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Group sues Interior Department for giving Shell drilling permits

May 06, 2010
  • Environmentalists say Shell Oil's Arctic drilling permits were given out without regard to threatened and endangered species. (Courtesy Shell Oil)
Environmentalists say Shell Oil's Arctic drilling permits were given out without regard to threatened and endangered species. (Courtesy Shell Oil)

by Lori Tipton
Wednesday, May 5, 2010

ANCHORAGE, Alaska -- An environmental group is threatening to sue the federal government over allowing off shore drilling in the Beaufort and Chukchi seas.

The Center for Biological Diversity says that when Interior Secretary Ken Salazar handed out permits to Shell Oil, he failed to consider the impacts of a possible oil spill on threatened and endangered species.

"Under the Endangered Species Act, the federal government has to ensure that any projects it carries out or funds don't jeopardize the continued existence of threatened and endangered species," said Rebecca Noblin with the Center for Biological Diversity.

Noblin says the Arctic is home to several threatened and endangered species, including polar bears and bowhead whales. She says Salazar failed to consider those animals when he gave Shell the drilling permits.


In his approval for the plans, Salazar said, "A large oil spill, such as a crude oil release from a blowout, is extremely rare and not considered a reasonably foreseeable impact."

The threat of the lawsuit is timely considering the major oil spill in the Gulf of Mexico.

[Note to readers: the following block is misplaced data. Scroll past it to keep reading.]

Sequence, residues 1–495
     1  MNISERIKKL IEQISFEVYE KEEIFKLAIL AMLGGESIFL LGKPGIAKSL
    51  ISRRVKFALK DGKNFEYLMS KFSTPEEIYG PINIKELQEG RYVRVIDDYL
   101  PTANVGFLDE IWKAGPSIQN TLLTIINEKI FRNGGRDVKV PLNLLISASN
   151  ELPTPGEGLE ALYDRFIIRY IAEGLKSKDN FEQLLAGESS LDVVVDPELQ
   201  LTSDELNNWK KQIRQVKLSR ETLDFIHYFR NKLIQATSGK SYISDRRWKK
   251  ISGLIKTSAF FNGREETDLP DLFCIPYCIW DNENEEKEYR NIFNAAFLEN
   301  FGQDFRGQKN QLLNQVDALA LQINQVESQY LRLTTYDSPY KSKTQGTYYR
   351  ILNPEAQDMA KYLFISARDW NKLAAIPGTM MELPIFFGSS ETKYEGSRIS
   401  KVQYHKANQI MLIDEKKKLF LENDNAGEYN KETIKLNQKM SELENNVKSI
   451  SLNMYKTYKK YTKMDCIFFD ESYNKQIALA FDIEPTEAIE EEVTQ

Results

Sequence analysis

Noblin says that spill is a good example that accidents can happen during exploratory off shore drilling.

"Clearly accidents happen and clearly this technology is not as state-of-the art as the oil companies are saying and it's time for the federal government to stop letting the oil companies run the show and really take a stronger hand," she said.

Those with the Alaska oil industry say drilling that's happening in the Gulf of Mexico is very different than what will be done off the coast of Alaska.

"It's unfair to compare what's going to happen in the off shore of Alaska to what happened in the Gulf of Mexico," said Kara Moriarty, the deputy director of the Alaska Oil and Gas Association. "They are two completely different projects; they're two completely different regions."

Moriarty says federal agencies have examined the off shore projects in Alaska very carefully and believe the projects can be done safely.

"Companies have spent billions of dollars to have the right to go look for what's out there and we believe they should be allowed to have their exploration work done this summer," she said.

The notice of intent to sue will last 60 days. This threat of a lawsuit comes a day after environmental groups and a Native village announced they are asking the Environmental Protection Agency to reconsider a key permit Shell Oil needs in order to drill in the Arctic.

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